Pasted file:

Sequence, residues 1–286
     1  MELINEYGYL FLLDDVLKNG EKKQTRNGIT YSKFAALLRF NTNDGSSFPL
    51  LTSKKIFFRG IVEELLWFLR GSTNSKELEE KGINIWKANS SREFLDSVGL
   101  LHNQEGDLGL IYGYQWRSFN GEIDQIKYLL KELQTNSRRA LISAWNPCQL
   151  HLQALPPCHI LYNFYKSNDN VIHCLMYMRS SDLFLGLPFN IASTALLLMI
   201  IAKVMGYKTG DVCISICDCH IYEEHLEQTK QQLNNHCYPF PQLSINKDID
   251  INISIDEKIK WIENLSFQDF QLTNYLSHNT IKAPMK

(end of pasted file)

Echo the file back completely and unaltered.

Sequence, residues 1–286
     1  MELINEYGYL FLLDDVLKNG EKKQTRNGIT YSKFAALLRF NTNDGSSFPL
    51  LTSKKIFFRG IVEELLWFLR GSTNSKELEE KGINIWKANS SREFLDSVGL
   101  LHNQEGDLGL IYGYQWRSFN GEIDQIKYLL KELQTNSRRA LISAWNPCQL
   151  HLQALPPCHI LYNFYKSNDN VIHCLMYMRS SDLFLGLPFN IASTALLLMI
   201  IAKVMGYKTG DVCISICDCH IYEEHLEQTK QQLNNHCYPF PQLSINKDID
   251  INISIDEKIK WIENLSFQDF QLTNYLSHNT IKAPMK